Anyway, this concept of ever-changing beauty ideals made me think I would like to do a series of themed posts called “Substantial Figures in History“.  To talk about fat people who were considered beautiful in their day, or to discuss the historical contributions of people of all sorts of shapes and sizes.  To switch to something a bit more light-hearted than foot binding (sorry to be a Debbie-downer), the first subject of “Substantial Figures in History” will be one of the FIRST documented fat people in history: Venus of Willendorf!

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Venus of Willendorf, herself.

At 4.5 inches tall and nearly 25,000 years old, this statue is said to be a representation of what people during her time found to be the feminine beauty ideal.  Her voluptuous size and accentuated lady bits reinforce what were the desirable attributes of 25,000 years ago.  You know…the “two f’s”:  fatness and fertility.  25,000 years ago, being fat would have been a sign of prosperity to her gatherer-hunter society.  And her accentuated lady bits?  Because of doin’ the nasty.  Well, doin’ the nasty AND the then-considered mystical, awe-inspiring, life-generating act of childbirth.  We can’t forget about that, I guess!

Riot Not Diet

“The way many women use scales is grossly destructive.  The scale is a cruel purveyor of personal worth for the day.  If you wanted to come up with a plot to take an entire gender and render them less effective, you’d put them on a diet and have them buy a scale.  The human energy wasted by women thinking about these numbers is enormous.”–David M. Garner, Ph.D.

It is a snowy day here in Wisconsin.  About six inches fell overnight. I help my husband dig his car out of the driveway and trudge through the snow to take my pup for her afternoon walk.  Taking off my wet, snow-soaked jacket, I notice a pin that is fastened to the lapel.  It features the classic “raised fist” image evokative of many social movements and reads “riot not diet!”.  This simple pin makes me contemplate my journey as a feminist and size activist.

I remember driving around with my dad in his old F150 and discussing how we didn’t think it was fair that our large size was never attributed to genetics.  I was in middle school and we were having a relatively profound conversation about how we believed weight was a source of discrimination towards us and that we thought our genetics were to blame.  My red hair?  From my dad.  My poor eyes?  Thanks, Dad!  My asthma?  You guessed it…Dad.  However, questions about why I was bigger than the other kids always resulted in an answer regarding my diet and assumed lack of activity.  Even as a child it didn’t make sense to me that my older brother and I had the exact same diet and spent entire summers playing outside together (an art seemingly lost to today’s children).  Somehow, he was a bean pole and I was chubby.  My mom’s side of the family are all tall and slender.  My dad’s side of the family?  A bunch of fatties.  Even at a young age, it was evident that fat people faced discrimination and weight is not entirely due to environmental factors.

My knowledge of size acceptance was rather limited until college. As a sophomore at the university, I was required to write a paper for a general education sociology class about discrimination I have personally faced.  I wrote about size discrimination.  The feedback my paper received from the (thin) professor was that she didn’t believe discrimination based on size met the criteria for the paper.  In other words, even with properly documented sources, she didn’t think size discrimination was real.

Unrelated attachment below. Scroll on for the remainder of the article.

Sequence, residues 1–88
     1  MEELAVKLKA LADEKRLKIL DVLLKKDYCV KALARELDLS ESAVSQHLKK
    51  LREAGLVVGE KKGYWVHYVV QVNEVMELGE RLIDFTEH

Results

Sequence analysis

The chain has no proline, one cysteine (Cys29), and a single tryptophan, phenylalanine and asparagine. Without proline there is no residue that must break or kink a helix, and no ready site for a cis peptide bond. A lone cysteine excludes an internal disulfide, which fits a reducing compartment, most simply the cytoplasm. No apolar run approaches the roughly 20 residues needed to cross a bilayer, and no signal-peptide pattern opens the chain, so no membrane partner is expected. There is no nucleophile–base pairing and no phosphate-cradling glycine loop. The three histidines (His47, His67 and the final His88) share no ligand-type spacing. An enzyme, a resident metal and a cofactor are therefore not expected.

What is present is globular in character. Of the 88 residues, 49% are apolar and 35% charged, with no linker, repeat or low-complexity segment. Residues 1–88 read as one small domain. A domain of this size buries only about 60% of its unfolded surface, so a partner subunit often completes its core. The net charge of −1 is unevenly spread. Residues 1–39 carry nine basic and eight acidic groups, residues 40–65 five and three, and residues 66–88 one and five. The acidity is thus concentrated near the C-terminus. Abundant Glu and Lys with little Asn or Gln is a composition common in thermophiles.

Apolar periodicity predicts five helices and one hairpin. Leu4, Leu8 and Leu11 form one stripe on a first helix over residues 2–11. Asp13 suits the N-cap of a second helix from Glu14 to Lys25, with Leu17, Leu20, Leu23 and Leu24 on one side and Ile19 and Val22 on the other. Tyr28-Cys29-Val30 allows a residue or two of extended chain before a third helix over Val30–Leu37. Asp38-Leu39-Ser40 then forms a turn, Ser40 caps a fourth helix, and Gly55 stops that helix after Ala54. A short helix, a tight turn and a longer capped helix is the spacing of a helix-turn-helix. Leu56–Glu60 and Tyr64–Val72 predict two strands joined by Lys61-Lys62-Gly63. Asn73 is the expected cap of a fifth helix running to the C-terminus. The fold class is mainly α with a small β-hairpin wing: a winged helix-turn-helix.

My fourth year of college, I switched my degree from Music Education to a Bachelor of Music with a Women’s Studies Minor (I joke that my goal was to be completely unemployable).  It was then that I began to delve into the more academic aspects of the societal codes of femininity.  I took classes and read books that informed me about how our modern beauty standard stresses a diminutive beauty ideal because the small size reinforces the archetypes of a physically weak woman and the passive female personality.  I began to understand why our culture wanted women to waste time worrying about food intake instead of about larger societal issues, but didn’t really modify my personal attitude towards my size.  I continued to spend money on diet plans.  I would count “points,” talk to my female co-workers for hours about weight loss, I would pay more at the grocery store for highly-processed food items advertised as “low fat” and lose sleep if I went over my weekly allotment of “points”.

Last fall, an old friend named Tasha who I hadn’t talked to in years randomly called me.  Tasha lives in Philadelphia now.  When I received the call, I didn’t even know what part of the world she called home.  Tasha called because she was following a punk rock band on their US tour.  The band had a stop in Madison and she wanted me to check them out.  In return for a place to crash, she’d pay for my ticket to the show.  I was intrigued.  I was a punk rock kid in middle school and high school but it had been years since I had gone to a concert that had a mosh pit.  The band was good, but music that loud is no longer my thing.  To escape the noise, I decided to peruse the merchandise table.  Among the stickers with the Misfits logo and the DIY zines, I saw a lovely little pin that said “RIOT NOT DIET.”  I had to have it.

It was at that moment that it finally hit me.  The energy I spent worrying about my food intake all these years could have been spent positively empowering myself and other women.  The extra money I spent on diet plans and diet foods could have been spent helping those who have nothing to eat.  Instead of eternally chattering with my female friends about the “points value” in a cup of popcorn, we could have been talking about the work-place discrimination we were collectively facing as women.

As I proudly put that pin on my jacket at the punk rock show, I thought to myself “no longer”.  That tiny little pin has made me contemplate my personal actions and the role weight loss has played in keeping my mind off bigger issues.  That little piece of flair has changed my life in ways I could never have imagined.  I now refuse to let myself be pre-occupied by something as trivial as my weight when there are truly more important things to worry about.  Riot not diet, indeed.